Published online Apr 8, 2015. doi: 10.4254/wjh.v7.i4.721
Peer-review started: December 18, 2014
First decision: December 27, 2014
Revised: January 9, 2015
Accepted: February 10, 2015
Article in press: February 12, 2015
Published online: April 8, 2015
Common bile duct cancer invading right hepatic artery is sometimes diagnosed intraoperatively. Excision and safe reconstruction of the artery with suitable graft is essential. Arterial reconstruction with autologous saphenous vein graft is the preferred method practiced routinely. However the right hepatic artery reconstruction has also been carried out with several other vessels like gastroduodenal artery, right gastroepiploic artery or the splenic artery. We report a case of 63-year-old man presenting with history of progressive jaundice, pruritus and impaired appetite. Following various imaging modalities including computed tomography, endoscopic retrograde cholangiopancreatography, magnetic resonance cholangiopancreatography, intraductal ultrasound extrahepatic bile duct cancer was diagnosed; however, none of those detected vessel invasion. Intraoperatively, right hepatic artery invasion was revealed. Right hepatic artery was resected and reconstructed with a graft harvested from the first jejunal artery (JA). Postoperative outcome was satisfactory with a long-term graft patency. First JA can be a reliable graft option for right hepatic artery reconstruction.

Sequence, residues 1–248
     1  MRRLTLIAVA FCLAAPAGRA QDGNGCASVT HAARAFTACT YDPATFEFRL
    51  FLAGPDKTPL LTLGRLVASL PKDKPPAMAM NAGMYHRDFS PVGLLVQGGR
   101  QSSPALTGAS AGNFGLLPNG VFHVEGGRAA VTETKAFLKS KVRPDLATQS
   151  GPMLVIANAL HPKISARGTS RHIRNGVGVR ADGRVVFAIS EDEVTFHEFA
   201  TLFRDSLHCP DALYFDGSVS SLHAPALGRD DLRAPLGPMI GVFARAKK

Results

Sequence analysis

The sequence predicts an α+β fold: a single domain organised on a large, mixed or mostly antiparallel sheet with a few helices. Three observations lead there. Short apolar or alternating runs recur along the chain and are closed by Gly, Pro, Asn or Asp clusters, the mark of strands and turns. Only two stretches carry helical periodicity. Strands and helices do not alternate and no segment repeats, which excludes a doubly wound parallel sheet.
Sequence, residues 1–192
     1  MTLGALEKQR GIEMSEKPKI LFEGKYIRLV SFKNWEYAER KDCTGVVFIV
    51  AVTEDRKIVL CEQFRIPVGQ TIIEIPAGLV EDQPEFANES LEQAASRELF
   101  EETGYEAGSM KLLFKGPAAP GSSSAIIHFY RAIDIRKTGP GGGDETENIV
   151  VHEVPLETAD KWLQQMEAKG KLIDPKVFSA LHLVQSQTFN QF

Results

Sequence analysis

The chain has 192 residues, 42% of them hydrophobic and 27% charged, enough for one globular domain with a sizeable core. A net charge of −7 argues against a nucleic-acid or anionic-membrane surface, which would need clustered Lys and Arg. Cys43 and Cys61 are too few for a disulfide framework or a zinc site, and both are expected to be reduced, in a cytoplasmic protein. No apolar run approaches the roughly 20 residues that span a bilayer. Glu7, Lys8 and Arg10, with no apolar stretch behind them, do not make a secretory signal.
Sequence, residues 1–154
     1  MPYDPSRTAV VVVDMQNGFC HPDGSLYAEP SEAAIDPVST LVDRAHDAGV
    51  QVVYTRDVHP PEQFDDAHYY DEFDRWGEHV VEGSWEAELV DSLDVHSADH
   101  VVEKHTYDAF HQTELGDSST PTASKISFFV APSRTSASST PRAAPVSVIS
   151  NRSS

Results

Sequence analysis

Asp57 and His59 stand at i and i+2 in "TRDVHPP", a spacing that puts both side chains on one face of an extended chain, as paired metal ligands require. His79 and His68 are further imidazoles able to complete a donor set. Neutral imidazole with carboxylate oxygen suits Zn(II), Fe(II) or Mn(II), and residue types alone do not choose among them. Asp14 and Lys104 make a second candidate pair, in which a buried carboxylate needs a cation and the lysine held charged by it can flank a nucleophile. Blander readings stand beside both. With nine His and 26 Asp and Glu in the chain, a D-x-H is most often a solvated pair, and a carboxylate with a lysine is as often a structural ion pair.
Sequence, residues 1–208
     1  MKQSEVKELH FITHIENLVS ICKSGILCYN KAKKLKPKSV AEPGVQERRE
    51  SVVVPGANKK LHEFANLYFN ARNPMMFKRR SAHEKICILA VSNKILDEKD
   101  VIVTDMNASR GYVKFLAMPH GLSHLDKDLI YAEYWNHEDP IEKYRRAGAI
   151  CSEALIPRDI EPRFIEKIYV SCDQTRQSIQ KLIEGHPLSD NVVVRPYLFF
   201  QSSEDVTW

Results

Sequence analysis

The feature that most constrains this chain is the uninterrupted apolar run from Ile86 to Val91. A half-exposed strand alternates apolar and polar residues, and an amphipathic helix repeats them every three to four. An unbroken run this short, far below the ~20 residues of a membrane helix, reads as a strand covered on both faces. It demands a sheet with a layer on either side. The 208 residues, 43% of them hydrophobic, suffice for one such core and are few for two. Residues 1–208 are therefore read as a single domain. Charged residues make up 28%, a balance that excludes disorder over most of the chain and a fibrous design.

Core tip: Common bile duct (CBD) cancers frequently invade the surrounding vessels like the right hepatic artery (RHA). The arterial excision with tumor free margins followed by the reconstruction remains the mainstay treatment for a better outcome and long-term survival. Various grafts including saphenous vein, splenic artery, right gastroepiploic artery or gastroduodenal artery have been practiced for RHA reconstruction. In our case, the RHA invasion by CBD cancer was detected intra-operatively. We performed the RHA reconstruction using the autologous first jejunal artery (JA) graft. The use of first JA graft during RHA reconstruction seems to be technically feasible leading to an acceptable outcome.